How can this be so? How can the Lord’s Prayer be both enough, and yet not enough?

We tell ourselves – or tell our children – that prayer is “simply talking to God”? How we talk, however, depends upon which God (god) we are talking to, and it’s here that the nature of the Lord’s Prayer as Christian prayer becomes clear. Approaching prayer as if what matters is getting the words or that attitude right is to operate with just another form of what we know as “justification by works”. St Paul contrasts justification by works of the law with justification by grace through faith. Not the work we do but the work which Jesus has done, which we might receive as our own through faith – this is what sets us right before God.

The gospel presents Jesus as the means by which we stand right before God. If we seek to pray “right” before God, it is again through Jesus that this is possible. But this is not because Jesus gives us the words to pray, so that we are now “independent” pray‑ers. We’ve already seen that the words don’t do it. To pray “right” before God through Jesus is to let Jesus himself be our prayer. Prayer may well be “talking to God”, but it also has to do with God’s talking to us. And the simplest and clearest thing God has said to us is “Jesus of Nazareth” – God’s “word” made flesh. To pray is to speak back to God what he has spoken to us; and when God speaks Jesus happens.

(We might note in passing that this has importance for what we do when we come together for worship. We gather not to generate emotion or sincerity or even right doctrine, but to hear and to speak to God of the one God has already sent – Jesus himself – and to be be made that one in the process: we receive what we are, to become what we receive: the Body of Christ).

The prayer of the church, then, is not the mere words of the Lord’s prayer but Jesus himself. It is in this sense that we can say that God knows what we need before we pray – not because God “knows everything”, but because what we need is what Jesus had and is. We need to know ourselves and to know God as Jesus did. We need to be supported and to have the freedom Jesus had. We need to be loved and to love as he did. Jesus – crucified and risen – is the prayer of the church; if we utter only “Jesus is the Christ”, then we have prayed as we should.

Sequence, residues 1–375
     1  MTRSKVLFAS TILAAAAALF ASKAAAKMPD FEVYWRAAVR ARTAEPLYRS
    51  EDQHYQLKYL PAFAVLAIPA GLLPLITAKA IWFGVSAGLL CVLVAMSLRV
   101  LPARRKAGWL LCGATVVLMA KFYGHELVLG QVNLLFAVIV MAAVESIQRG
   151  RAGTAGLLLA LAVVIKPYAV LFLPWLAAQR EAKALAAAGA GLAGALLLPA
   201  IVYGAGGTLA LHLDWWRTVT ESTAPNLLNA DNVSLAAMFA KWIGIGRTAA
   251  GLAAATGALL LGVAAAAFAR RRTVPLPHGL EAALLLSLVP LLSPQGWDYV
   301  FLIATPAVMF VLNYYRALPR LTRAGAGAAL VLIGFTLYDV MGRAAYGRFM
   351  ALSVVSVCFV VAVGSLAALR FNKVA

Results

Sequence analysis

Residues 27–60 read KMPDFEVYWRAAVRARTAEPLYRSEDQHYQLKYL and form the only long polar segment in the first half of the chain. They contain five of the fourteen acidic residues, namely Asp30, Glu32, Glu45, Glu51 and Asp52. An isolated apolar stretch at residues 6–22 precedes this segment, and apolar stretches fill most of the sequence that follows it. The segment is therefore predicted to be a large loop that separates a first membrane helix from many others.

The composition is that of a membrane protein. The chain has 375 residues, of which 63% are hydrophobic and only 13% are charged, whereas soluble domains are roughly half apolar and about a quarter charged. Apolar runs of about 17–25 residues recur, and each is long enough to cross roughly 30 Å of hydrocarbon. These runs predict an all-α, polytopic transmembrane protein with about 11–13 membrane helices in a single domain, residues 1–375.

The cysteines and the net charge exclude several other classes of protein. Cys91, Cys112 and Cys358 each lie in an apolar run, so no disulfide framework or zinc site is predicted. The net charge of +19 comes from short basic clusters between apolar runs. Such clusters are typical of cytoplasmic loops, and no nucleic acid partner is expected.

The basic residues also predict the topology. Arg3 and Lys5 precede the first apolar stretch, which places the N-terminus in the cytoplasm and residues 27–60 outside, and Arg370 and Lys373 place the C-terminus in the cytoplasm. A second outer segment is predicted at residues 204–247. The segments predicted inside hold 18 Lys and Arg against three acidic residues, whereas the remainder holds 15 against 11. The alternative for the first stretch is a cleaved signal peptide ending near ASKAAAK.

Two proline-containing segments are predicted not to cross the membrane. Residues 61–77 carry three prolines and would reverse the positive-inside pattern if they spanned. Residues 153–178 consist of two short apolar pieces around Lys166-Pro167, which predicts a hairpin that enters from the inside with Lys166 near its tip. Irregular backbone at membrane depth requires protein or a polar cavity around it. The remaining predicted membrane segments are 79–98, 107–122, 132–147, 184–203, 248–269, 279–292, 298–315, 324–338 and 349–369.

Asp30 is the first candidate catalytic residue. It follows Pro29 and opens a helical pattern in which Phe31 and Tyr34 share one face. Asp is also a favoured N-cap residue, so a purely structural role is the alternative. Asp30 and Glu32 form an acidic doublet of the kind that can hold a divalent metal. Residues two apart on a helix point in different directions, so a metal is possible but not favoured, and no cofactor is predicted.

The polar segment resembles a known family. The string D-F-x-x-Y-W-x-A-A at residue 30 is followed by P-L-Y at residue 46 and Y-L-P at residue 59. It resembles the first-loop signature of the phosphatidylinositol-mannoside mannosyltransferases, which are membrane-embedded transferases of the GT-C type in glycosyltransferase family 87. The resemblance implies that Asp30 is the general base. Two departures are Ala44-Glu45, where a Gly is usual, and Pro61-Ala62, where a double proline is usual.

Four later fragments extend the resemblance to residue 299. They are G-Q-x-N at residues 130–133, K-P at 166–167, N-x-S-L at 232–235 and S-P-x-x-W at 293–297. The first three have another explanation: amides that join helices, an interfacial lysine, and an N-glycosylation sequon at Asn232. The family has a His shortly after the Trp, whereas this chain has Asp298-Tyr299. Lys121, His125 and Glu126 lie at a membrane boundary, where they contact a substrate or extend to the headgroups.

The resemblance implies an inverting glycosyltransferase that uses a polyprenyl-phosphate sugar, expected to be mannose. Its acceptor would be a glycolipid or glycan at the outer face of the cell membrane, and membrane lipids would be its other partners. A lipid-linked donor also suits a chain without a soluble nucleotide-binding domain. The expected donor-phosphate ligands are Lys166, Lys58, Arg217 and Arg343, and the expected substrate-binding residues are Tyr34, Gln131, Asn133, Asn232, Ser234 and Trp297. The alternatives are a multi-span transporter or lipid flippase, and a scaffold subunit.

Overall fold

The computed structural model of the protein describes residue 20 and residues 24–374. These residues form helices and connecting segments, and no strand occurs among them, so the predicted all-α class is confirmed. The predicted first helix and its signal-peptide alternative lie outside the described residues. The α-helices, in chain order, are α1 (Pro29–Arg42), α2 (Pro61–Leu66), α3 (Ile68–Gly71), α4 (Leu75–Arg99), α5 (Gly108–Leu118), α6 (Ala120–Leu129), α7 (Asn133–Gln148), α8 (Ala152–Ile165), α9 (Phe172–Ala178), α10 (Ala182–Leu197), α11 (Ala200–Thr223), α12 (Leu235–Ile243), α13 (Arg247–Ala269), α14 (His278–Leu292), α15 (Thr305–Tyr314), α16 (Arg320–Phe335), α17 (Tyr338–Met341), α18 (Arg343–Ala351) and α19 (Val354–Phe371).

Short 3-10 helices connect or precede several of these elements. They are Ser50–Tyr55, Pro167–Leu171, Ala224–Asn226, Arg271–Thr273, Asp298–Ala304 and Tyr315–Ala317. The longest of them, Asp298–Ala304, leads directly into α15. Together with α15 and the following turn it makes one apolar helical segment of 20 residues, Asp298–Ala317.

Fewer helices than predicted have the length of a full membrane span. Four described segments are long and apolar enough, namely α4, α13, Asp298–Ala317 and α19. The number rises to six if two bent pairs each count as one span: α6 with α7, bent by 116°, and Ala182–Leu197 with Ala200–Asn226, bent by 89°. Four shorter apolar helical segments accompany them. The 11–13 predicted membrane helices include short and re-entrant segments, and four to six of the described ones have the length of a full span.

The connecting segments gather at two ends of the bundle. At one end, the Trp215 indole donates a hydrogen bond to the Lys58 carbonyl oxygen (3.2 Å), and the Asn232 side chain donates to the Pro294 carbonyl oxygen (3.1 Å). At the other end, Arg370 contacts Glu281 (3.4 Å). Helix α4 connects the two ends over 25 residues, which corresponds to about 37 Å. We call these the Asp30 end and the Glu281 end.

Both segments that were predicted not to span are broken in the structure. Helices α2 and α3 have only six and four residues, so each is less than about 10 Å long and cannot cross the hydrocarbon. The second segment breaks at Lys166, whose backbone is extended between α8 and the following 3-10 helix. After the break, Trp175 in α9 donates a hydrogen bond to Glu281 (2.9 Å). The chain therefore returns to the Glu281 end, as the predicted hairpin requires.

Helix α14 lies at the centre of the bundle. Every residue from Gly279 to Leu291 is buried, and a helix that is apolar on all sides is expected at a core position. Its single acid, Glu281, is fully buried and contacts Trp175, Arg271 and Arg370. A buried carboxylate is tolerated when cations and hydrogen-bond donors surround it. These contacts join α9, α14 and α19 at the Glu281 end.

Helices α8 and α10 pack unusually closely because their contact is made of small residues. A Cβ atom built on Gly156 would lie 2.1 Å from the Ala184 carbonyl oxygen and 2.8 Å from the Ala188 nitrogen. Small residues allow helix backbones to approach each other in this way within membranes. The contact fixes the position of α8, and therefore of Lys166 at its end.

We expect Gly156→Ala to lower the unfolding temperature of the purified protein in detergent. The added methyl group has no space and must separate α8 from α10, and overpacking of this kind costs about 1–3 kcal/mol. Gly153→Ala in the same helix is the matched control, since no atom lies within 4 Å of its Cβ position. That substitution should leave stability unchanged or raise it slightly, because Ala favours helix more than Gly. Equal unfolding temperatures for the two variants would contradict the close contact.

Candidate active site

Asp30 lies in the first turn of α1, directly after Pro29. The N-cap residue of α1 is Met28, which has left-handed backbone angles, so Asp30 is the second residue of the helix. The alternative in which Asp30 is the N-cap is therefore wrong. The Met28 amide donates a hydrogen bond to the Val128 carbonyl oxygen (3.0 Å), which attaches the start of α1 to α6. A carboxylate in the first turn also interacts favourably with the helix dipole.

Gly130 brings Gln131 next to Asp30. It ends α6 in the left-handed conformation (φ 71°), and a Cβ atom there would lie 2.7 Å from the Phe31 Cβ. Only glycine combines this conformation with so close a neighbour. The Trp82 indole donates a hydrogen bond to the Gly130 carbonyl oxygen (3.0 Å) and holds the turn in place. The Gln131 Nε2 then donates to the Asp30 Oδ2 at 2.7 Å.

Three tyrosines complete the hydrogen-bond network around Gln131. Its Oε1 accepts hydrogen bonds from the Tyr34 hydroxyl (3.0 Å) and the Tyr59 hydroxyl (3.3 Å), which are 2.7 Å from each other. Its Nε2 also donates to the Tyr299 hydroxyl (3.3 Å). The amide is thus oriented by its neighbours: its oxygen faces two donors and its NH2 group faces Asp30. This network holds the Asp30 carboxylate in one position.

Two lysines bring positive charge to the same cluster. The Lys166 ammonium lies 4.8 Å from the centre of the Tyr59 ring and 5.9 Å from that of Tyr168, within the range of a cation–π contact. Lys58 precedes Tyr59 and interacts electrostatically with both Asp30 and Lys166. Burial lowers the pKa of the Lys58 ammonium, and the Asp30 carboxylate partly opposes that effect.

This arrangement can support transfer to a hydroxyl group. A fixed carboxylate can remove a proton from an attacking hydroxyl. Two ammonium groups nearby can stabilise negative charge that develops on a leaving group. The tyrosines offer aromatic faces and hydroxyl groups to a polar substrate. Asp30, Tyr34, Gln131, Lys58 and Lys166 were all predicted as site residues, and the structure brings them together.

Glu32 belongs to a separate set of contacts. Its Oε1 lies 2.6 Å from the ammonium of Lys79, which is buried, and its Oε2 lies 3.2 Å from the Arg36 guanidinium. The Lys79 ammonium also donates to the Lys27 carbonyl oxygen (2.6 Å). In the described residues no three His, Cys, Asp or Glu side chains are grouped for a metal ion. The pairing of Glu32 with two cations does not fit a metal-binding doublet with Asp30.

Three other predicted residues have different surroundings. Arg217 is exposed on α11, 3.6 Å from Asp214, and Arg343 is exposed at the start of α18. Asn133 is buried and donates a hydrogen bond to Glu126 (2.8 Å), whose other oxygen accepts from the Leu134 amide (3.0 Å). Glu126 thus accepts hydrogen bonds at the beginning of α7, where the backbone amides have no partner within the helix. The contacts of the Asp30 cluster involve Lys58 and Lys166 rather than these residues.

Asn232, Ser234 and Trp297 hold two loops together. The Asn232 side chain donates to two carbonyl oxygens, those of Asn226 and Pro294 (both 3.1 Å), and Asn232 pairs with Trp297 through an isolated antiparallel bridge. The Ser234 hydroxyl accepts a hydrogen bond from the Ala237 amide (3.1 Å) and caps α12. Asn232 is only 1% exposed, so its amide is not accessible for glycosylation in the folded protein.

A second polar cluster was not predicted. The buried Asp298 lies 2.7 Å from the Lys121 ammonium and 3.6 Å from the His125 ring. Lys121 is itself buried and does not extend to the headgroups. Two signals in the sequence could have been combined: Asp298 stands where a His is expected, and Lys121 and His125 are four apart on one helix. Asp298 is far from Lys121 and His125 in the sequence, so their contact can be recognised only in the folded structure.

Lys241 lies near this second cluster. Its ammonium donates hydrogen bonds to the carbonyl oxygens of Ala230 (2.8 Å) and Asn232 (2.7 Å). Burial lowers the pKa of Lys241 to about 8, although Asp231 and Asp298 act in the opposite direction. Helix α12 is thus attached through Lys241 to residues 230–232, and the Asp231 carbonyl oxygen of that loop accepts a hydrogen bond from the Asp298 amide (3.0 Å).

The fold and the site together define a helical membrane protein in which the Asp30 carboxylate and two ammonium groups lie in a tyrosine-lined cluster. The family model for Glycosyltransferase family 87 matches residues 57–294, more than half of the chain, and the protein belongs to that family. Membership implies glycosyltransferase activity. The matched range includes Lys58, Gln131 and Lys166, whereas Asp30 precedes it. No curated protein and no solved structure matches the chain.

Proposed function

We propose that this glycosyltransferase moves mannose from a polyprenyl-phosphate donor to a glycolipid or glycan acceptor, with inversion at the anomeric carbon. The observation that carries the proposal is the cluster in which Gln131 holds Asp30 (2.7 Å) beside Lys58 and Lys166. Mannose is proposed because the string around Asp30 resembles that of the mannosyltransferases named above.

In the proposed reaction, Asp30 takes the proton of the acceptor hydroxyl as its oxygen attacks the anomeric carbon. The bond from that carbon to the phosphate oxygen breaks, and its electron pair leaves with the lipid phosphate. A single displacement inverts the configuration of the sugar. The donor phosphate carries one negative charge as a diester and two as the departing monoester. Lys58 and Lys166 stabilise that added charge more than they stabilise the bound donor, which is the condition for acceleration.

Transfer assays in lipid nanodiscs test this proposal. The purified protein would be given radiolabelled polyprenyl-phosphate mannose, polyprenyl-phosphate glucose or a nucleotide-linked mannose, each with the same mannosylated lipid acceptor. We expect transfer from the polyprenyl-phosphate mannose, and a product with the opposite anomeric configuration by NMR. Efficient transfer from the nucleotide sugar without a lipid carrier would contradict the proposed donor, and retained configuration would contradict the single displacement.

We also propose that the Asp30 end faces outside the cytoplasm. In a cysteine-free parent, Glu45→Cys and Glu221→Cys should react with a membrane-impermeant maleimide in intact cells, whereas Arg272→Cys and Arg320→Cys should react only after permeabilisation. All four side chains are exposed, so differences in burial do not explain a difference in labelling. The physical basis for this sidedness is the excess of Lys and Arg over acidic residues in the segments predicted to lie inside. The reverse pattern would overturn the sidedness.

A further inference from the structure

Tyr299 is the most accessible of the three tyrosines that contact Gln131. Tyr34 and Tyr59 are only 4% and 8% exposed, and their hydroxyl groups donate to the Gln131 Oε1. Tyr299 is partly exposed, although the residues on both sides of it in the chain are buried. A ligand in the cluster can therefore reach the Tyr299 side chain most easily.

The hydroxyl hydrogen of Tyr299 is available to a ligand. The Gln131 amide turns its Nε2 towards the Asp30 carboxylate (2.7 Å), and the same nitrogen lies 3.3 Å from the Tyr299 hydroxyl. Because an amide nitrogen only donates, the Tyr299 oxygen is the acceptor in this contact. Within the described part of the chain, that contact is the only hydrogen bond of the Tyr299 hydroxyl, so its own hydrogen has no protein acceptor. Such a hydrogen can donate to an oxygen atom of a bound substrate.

“When you pray”, Jesus said, “say, our Father in heaven…” – and just so we should pray. Yet in that prayer we ask, Father,

your kingdom – Jesus Christ – come;

your will – lives such as Jesus’ own – be done;

give us this day what Jesus trusted you for;

give us, and make of us, the forgiveness which is Jesus-the-Christ;

rescue us in the end from evil – as you raised the Christ from the death of the crucified.

In all things – not least the decisions we might make today about our future together – we say, Lord, “Let us see, become and testify to Jesus”. To pray is as difficult – and as easy – as it is to believe ourselves to be made whole in him. If we can rest in the grace of God which is Jesus Christ, if Jesus is Lord, then we have prayer “covered”, and the only “angle” on life we need.

And so we may trust that whoever asks will be given what they ask, whoever seeks will find, whoever knocks will have the door opened, for our Father in heaven is faithful, and gives the Spirit to all who ask, that God’s people may know themselves in and as the Body of Christ. When this happens, the work of prayer, and life, has been done.